In connection with the chart hereinbefore described I employ a number of dice. One die is illustrated at G in Fig. 3, the same being provided with symbols g, corresponding in shape to the symbols 1) 0, used in the subdivisions of the chart. The die G has its symbols g provided in contrasting colors, and any number of dice G may be used in playing the game. Ordinarily I prefer to use three dice each having symbols difierently colored and corresponding to the symbolsb c. When these dice are thrown, the differently-colored symbols appearing on the upper face determine the order of playing or moving the chessmen.
In addition to the dice G, I employ ordinary dice, (indicated at H in Fig. 4:.) These ordinary dice are provided on their faces with spots or numbers, and the numbers appearing on the dice determine the number of subdivisions through which the proper chessmen should be moved. The chessmen (indicated at I) may be of any suitable form, and they are adapted to be placed at the beginning of the game in the starting-divisions B or the J numbered stations F.
The game may be played under any suitable rules, and any suitable number of chessmen and dice G H may be used.
The game may properly be called a clover game, from the fact that clover-leaves are employed as the symbols in the divisions and on the dice G, and it may be played by two, three, four, five, or six persons. When the game is played by two persons, each player takes three chessmen of difierent colors, and the leading player may take the chessmen colored green, white, and red, while the other player will take the black, yellow, and blue chessmen. The chessmen may be divided between the players engaging in the game. Thus when three persons are playing the leader should have two chessmen colored green and white, the second player should select the chessmen colored red and black, and the third player should have the remaining yellow and blue chessmen.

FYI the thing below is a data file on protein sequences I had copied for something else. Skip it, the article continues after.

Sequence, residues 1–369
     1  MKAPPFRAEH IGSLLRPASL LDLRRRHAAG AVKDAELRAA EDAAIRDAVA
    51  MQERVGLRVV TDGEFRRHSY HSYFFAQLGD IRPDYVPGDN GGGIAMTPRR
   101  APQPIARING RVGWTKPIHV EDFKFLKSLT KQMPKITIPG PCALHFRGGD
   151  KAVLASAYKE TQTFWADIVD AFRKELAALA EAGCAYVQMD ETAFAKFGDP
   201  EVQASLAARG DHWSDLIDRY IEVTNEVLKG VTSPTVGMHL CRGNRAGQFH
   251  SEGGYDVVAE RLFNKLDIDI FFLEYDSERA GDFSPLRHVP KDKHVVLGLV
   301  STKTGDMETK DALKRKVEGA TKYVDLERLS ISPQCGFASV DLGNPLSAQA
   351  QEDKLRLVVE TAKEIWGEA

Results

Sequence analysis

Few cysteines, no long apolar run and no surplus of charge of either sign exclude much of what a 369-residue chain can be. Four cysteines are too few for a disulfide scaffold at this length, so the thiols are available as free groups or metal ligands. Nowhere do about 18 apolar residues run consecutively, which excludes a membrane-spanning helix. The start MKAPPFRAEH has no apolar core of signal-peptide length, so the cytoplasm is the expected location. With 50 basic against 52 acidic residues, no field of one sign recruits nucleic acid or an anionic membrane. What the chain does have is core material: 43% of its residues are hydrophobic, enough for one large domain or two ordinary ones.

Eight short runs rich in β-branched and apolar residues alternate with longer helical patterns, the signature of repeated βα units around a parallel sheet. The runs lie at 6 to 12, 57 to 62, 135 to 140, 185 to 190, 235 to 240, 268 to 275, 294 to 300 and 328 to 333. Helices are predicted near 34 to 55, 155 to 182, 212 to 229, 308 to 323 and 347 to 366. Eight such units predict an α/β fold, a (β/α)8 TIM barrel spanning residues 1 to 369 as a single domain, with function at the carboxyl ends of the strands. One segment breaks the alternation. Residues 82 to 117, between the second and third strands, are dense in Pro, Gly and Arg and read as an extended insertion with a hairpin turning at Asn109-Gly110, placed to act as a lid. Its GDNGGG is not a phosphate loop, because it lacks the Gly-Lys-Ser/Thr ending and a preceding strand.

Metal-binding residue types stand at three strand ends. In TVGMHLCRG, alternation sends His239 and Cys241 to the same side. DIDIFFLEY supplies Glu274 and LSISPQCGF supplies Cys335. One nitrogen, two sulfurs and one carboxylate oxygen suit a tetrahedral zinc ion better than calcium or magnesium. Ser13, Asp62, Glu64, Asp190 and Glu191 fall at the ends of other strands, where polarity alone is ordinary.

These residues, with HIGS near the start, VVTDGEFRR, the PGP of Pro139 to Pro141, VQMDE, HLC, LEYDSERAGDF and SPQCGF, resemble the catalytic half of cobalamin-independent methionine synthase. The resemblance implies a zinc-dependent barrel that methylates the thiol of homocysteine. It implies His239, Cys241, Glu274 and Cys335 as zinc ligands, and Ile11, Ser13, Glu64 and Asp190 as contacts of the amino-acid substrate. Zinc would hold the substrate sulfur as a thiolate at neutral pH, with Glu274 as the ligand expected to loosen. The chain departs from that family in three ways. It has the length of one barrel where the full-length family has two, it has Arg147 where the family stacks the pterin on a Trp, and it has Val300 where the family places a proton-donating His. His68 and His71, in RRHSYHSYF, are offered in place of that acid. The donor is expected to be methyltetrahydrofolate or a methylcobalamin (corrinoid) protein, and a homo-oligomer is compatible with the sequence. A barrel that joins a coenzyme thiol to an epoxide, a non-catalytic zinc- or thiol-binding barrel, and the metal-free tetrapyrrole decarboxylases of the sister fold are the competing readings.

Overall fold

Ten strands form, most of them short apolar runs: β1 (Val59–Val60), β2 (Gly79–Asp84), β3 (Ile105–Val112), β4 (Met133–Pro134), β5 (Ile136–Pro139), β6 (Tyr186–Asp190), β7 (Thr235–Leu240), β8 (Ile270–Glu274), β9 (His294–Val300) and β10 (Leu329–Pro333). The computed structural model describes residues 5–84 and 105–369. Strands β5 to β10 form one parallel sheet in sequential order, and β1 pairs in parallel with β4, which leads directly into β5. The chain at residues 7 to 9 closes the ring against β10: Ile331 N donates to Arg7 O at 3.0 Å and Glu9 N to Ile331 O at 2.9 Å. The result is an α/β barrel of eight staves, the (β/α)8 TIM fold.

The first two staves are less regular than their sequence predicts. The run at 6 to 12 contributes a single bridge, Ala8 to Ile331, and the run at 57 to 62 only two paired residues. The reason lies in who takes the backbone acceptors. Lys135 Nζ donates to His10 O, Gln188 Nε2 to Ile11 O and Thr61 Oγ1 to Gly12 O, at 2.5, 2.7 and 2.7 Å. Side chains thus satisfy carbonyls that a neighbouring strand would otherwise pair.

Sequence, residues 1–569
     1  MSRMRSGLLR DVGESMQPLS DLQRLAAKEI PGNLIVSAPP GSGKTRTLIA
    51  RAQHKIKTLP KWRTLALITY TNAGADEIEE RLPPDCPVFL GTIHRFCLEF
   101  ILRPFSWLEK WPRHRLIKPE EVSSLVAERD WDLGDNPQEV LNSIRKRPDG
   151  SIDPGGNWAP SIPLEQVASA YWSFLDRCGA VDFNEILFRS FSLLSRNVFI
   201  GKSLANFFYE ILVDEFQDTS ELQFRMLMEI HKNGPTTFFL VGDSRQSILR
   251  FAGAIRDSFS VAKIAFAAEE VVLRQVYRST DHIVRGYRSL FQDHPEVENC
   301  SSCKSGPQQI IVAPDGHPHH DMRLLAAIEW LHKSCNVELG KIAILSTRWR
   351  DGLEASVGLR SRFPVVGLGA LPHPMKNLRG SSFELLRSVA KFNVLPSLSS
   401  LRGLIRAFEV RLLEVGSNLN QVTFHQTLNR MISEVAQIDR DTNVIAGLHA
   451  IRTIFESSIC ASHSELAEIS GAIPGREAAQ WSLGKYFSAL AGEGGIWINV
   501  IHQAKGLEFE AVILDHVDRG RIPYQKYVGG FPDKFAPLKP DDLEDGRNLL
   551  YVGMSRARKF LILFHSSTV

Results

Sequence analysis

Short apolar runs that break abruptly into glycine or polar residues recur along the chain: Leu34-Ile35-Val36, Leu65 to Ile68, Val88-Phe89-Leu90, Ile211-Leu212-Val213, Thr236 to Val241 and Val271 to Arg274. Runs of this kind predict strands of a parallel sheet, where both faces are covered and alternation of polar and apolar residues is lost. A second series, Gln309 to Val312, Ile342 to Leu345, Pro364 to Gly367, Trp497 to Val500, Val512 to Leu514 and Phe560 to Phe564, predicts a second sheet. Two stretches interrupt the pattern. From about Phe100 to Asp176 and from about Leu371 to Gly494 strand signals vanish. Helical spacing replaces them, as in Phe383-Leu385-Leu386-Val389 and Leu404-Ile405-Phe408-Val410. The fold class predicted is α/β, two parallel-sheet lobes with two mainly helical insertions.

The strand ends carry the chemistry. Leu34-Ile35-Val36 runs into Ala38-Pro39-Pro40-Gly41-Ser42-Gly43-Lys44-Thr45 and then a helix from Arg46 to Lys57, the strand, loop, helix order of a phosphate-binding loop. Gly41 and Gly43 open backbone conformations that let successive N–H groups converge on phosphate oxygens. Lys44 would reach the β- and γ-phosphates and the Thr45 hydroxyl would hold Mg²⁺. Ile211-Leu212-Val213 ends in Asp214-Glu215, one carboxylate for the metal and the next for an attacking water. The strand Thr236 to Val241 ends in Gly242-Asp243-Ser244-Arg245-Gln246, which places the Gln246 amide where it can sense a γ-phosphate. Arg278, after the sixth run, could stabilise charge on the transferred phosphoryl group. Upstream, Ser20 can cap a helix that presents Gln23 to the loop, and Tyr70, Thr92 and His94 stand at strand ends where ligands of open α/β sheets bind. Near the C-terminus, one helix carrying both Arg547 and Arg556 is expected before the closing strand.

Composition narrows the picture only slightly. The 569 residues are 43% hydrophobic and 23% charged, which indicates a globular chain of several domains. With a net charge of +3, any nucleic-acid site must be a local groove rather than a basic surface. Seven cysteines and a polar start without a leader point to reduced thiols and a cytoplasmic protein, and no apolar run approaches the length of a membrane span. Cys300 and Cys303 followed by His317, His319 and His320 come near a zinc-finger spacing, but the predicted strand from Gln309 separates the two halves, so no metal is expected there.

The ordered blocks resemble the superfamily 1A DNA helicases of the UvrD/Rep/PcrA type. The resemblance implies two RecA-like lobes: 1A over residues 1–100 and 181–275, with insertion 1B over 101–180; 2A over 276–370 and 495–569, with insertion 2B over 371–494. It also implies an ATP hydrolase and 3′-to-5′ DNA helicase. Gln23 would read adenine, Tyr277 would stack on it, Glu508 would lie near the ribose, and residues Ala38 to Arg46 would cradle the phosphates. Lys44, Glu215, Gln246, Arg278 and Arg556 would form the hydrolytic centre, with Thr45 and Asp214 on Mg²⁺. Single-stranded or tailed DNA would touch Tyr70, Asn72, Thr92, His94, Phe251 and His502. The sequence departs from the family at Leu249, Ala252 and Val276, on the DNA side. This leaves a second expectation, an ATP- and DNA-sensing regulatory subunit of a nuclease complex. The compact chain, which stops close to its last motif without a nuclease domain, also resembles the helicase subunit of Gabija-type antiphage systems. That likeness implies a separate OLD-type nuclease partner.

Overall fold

When the game is played by six persons, each takes a chessman of one color. On commencing the game each player will throw a die, such as H, and the one throwing the highest number of spots will take the lead in playing the game. The chessmen should be placed on the starting-divisions B or in the numbered stations F, and the differentlycolored chessmen should be placed on the divisions having the symbols of corresponding colors. The players should throw the dice in regular order according to the color which they take; but the different players may throw the dice inany desired order-as, for example, the player having the green chessmen will throw first, the player having the white chessmen will throw second, the player having the red chessmen will throw third, the player having the black chessmen will throw fourth, the fifth throw will be made by the player having the yellow chessmen, and the final throw by the player having the blue.